Welcome to Week 2 of the Shape-Up Challenge! So you’ve gotten your physician’s clearance, you have the proper gear, and you’re ready to add a exercise program to your medical weight loss plan. Congratulations! But don’t forget the basics. Below, we lay out some considerations for before and after your exercise session.
Fueling up: There are lots of misconceptions about what and how much to eat before exercise. Generally speaking, if you’re performing a low-intensity exercise (for example, walking) you don’t need to worry about timing your eating with your workout. If you’ve eaten a meal within a few hours of your walk, you should be fine. If you’re working out first-thing in the morning, try going straight to the gym or outdoors to exercise before eating anything, if possible. That way you’ll expend less energy digesting your food and more energy stimulating muscle growth and giving your metabolism a boost! Just make sure you eat something right after you exercise. And, obviously, don’t work out just after you’ve eaten a larger meal (for example, dinner). Give yourself an hour or so to digest your food first.
Warming up: Warming up before you exercise is an important part of your workout. Research shows that those who warm up have both reduced risk of injury as well as improved athletic performance. Warming up helps loosens muscles and tendons, and increases core body temperature, preparing you for exercise. But it’s important to do the right kind of warm up. For exercise like walking, jogging, or swimming, the Mayo Clinic suggests simply doing the exercise you are going to do but at a slower pace and reduced intensity. For example, walking slowly for a minute or two, and then gradually increasing your pace for 5 to 10 minutes or so, will help warm you up for a brisk walk. A brisk walk can help you warm up for a more intense jog or run. The American College of Sports Medicine (ACSM) suggests warming up for 5 to 10 minutes before aerobic activity. Your physician or sports physiologist can give you more specific warm-up activities for the sport or workout you’re pursuing.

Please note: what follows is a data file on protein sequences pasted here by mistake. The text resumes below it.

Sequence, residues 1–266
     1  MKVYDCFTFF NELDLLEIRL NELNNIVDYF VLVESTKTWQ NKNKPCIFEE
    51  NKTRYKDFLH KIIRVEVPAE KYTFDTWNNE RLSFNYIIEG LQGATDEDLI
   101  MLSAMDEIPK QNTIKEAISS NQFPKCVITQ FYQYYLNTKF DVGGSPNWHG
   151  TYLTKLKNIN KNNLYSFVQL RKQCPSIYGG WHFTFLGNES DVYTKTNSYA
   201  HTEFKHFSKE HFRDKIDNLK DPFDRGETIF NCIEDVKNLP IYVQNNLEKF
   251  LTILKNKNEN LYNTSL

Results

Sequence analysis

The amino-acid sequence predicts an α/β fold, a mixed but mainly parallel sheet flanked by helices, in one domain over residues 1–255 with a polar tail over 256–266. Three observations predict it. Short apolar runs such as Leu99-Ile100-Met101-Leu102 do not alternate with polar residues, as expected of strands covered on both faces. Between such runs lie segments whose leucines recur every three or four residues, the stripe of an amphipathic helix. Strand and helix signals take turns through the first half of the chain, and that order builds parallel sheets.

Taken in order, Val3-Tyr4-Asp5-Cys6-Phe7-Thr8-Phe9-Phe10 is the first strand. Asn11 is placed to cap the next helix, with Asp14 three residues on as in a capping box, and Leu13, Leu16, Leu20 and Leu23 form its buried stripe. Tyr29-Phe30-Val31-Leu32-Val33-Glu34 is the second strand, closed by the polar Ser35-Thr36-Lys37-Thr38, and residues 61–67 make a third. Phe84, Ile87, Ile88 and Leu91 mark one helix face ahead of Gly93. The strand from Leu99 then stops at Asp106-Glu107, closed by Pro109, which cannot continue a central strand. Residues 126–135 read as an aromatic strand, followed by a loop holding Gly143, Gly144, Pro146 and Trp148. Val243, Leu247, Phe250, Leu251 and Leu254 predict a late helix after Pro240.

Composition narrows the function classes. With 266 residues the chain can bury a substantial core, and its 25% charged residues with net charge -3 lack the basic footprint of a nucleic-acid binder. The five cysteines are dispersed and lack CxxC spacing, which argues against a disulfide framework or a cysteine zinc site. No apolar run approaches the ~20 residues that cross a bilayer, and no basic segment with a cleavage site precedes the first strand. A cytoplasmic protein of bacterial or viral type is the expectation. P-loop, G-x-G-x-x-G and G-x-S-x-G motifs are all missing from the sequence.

Cooling down: Cooling down after exercise is also an important part of your workout. The ACSM suggests gradually decreasing the intensity of your aerobic workout, and then stretching to cool down for 5 to 10 minutes. The Mayo Clinic also recommends stretching as a way to increase blood flow to your muscles and to possibly reduce the risk of injury. However, they caution that stretching should never be to the point of pain, bouncing should be avoided, and sudden or aggressive stretching can cause or worsen injury. As you introduce warm ups and cool downs into your exercise program, you may also find that warming up mentally prepares you for exercise, and that a cool down is a relaxing way to end your workout. Also, remember to ask your physician or exercise physiologist to provide specific warm-up or cool-down recommendations that will be best for you.
See Week 1 of the Shape-Up Challenge.
Find out how strength training helps with weight loss.
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